olive oil powder copy

Molecular gastronomy, the geekiest incarnation of cooking known to man, has recently piqued my interest.  Foams and spherification and liquid nitrogen and the like aren’t particularly common on Seattle menus, but on a recent trip to Spur Gastropub, my dessert was adorned with a pinch of powdered olive oil.  The powder was a delightful surprise – it tastes just like olive oil, and when the dry granules hit your tongue, they dissolve almost instantly.  When I got home, I looked online for a recipe for olive oil powder, but came up empty handed.  I did, however, find an article that described using tapioca maltodextrin to dehydrate olive oil.  I don’t have any maltodextrin, but I did know where to find some instant tapioca mix.  A few hours of experimentation later, and I had a viable recipe.

Total kitchen time: 5 minutes
Makes: 1/2 cup of powder

Shopping list:

  • 1 3oz. package Jello Cook & Serve Fat Free Tapioca Mix
  • 2 1/2 tbsp. extra virgin olive oil
  1. Using a sieve or a fine mesh strainer, sift the tapioca to remove the little tapioca balls.  Discard the balls.
  2. Place sifted tapioca powder and 1 tbsp. olive oil in a small food processor and pulse on high until blended.  Add the remaining olive oil, 1/4 tsp. at a time just until it forms a spreadable paste.  You may not need to use all of the olive oil – the paste should feel chalky.
  3. Spread the olive oil mixture in an even layer on a microwavable plate.  Microwave on high for 90 seconds.  Remove and let cool 5 minutes.
  4. Using the tines of a fork, break the cooled paste into small pieces.  Store in an airtight container up to 2 weeks.

This powder is an excellent addition to a bowl of ice cream or other sweet dishes.  Unfortunately, since we’re using off-the-shelf tapioca mix, we do get some of the tapioca flavor.  However, the overwhelming taste is definitely olive oil, and unless you’re ready to start ordering commercial food chemicals, this method ain’t bad for $2.30.

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Sometimes there’s nothing like a hot plate of lasagna on a cold winter evening.  If you’re nodding in agreement, for the love of God, stop buying frozen lasagna!  This dish is nearly foolproof, and if you don’t want to make your own noodles and sauce from scratch, you can easily substitute store-bought ingredients.  I chose to make mini-lasagnas since I have a set of cocottes (tiny dutch ovens), but the same recipe will work in an 8”x8” baking dish.

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caramel confit chorizo

I wish I could take credit for this recipe – the best new thing I’ve tasted all year – but the credit actually lies with two of my favorite chefs in Seattle: Philippe Thomelin of Olivar, and Joseba Jiménez de Jiménez, formerly of Harvest Vine and now playing around at Txori.  On the night I first tasted chorizo caramel confit, I had just finished an excellent meal prepared by both chefs on a special evening at Olivar.   I happened to be sitting with Jay of Gastrolust.com, and Joseba came over to say hello.  Of course we praised the meal, and I jokingly asked, “But where was the chorizo?”  Joseba disappeared into the kitchen and emerged a minute later with a plate of sticky-sweet chorizo atop crostini.  They were unbelievable, and I’ve dreamt about them ever since.  Apparently, Philippe and Joseba had hand-made the chorizo earlier that day and had been cooking slowly in caramel.  Philippe generously shared his simple recipe, which I’ve recreated here using store-bought chorizo.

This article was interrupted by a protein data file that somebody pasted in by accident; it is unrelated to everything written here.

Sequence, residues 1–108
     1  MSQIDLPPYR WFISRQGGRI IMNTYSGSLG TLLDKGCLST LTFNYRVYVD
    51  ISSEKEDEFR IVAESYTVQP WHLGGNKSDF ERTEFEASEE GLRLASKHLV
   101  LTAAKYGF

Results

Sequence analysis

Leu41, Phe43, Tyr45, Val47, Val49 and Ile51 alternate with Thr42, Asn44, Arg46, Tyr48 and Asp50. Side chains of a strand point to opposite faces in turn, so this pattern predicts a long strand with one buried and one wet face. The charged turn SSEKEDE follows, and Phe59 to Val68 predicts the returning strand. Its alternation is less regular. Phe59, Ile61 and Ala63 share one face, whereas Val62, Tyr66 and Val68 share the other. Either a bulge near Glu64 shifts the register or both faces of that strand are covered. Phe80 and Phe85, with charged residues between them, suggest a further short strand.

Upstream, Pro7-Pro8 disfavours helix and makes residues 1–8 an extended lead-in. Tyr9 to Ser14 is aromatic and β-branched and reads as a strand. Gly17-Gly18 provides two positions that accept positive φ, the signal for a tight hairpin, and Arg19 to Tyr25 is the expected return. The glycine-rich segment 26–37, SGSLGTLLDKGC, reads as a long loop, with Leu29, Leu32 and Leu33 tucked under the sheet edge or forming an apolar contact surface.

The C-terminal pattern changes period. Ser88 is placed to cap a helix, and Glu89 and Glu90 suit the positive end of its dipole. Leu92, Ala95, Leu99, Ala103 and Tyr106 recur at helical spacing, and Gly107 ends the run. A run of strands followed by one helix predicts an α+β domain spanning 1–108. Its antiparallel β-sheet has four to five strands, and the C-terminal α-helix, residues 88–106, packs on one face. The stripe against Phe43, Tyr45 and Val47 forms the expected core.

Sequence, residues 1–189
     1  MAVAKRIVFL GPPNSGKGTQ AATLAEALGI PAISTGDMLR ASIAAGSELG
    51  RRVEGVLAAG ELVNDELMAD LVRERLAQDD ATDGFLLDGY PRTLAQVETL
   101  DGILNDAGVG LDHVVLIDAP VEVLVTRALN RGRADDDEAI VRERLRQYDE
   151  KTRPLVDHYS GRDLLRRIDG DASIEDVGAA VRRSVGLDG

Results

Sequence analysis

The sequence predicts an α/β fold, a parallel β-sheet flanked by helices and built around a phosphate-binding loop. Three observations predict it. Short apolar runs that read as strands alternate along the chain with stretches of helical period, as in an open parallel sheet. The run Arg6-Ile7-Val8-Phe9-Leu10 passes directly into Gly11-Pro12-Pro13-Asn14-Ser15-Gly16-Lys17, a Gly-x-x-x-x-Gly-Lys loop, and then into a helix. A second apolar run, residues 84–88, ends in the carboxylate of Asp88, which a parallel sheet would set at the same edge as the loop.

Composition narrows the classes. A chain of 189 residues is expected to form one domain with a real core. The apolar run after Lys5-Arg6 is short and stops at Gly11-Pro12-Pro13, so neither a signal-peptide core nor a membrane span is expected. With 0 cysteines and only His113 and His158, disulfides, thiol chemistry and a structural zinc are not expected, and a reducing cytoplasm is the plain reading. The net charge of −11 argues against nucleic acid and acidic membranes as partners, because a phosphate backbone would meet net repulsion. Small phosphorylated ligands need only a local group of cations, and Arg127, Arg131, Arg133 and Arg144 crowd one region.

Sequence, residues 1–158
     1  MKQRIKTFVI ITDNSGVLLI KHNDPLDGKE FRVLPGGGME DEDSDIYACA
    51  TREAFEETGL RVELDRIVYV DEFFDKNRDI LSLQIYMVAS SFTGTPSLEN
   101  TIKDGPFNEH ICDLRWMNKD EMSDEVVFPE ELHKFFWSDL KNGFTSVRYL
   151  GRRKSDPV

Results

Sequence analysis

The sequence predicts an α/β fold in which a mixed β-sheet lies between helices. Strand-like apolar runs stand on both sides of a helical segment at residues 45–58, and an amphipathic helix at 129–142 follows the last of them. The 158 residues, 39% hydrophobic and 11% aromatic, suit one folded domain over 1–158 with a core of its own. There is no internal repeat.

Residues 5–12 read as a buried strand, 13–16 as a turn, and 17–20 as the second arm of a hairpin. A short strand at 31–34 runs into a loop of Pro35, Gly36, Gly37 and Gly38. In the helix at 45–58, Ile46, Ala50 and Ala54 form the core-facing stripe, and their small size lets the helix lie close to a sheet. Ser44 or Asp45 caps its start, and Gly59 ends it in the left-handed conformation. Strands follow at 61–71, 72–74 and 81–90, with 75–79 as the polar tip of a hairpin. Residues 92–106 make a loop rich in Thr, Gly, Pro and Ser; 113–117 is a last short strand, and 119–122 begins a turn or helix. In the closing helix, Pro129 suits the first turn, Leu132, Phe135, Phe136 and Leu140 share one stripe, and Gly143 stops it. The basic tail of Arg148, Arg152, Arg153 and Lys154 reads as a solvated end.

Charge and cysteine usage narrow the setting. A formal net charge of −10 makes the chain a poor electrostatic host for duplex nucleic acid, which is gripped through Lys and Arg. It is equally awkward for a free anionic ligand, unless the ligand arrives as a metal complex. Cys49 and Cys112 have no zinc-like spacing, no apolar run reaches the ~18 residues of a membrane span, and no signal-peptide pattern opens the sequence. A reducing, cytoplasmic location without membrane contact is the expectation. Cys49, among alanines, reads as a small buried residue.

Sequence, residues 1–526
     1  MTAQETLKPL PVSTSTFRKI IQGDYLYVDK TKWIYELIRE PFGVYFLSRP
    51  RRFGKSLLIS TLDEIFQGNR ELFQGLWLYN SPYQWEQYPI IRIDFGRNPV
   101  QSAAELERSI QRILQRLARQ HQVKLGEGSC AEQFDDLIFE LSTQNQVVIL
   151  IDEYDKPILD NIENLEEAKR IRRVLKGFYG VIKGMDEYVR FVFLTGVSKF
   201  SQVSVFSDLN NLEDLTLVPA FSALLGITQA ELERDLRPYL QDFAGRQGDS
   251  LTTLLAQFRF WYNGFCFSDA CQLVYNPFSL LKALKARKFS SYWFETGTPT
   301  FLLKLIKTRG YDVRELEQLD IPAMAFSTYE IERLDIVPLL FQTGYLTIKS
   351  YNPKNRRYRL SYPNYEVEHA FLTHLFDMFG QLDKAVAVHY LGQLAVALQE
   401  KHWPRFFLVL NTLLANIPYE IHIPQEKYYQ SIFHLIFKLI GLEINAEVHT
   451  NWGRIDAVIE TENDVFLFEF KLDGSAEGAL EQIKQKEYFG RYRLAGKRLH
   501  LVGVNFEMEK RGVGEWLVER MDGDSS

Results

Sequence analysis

Makes: 24 pieces
Total kitchen time: 1 hour (15 minutes active time)

Shopping list:

  • 1 lb. dry-cured chorizo, sliced into 1/4” pieces
  • 2 cups granulated sugar
  • 1/2 cup water
  • 1 stick butter
  • 1 baguette, thinly sliced (optional)
  1. Pour the sugar and water into a medium skillet with high sides (taller than the chorizo is thick).  A non-stick skillet makes for easier cleanup.  Do not stir the sugar and water together, just make sure all the sugar is wet.
  2. Over medium heat, bring the sugar water mixture to a soft boil. 
  3. Stir in the butter until melted.  Reduce the heat to a low simmer.
  4. Add the chorizo and continue to simmer for 10 minutes, up to 3 hours.  The longer it cooks, the more flavorful the caramel will be.
  5. (Optional, for serving) Butter one side of thin baguette slices and toast in the oven or on a skillet.  Place each piece of chorizo on a piece of toasted bread and drizzle with the caramel sauce in the pan.
    Or, dump the whole pot into a mason jar and serve with bamboo skewers.

This is my new favorite dessert, and a dish that I’ll serve often at cocktail parties.  If you’re interested in hearing more about the wonderful dinner at Olivar, Jay has a great writeup on his blog.  And, many thanks to Frantic Foodie Keren Brown for organizing the dinner!

Chorizo Caramel Confit on Foodista

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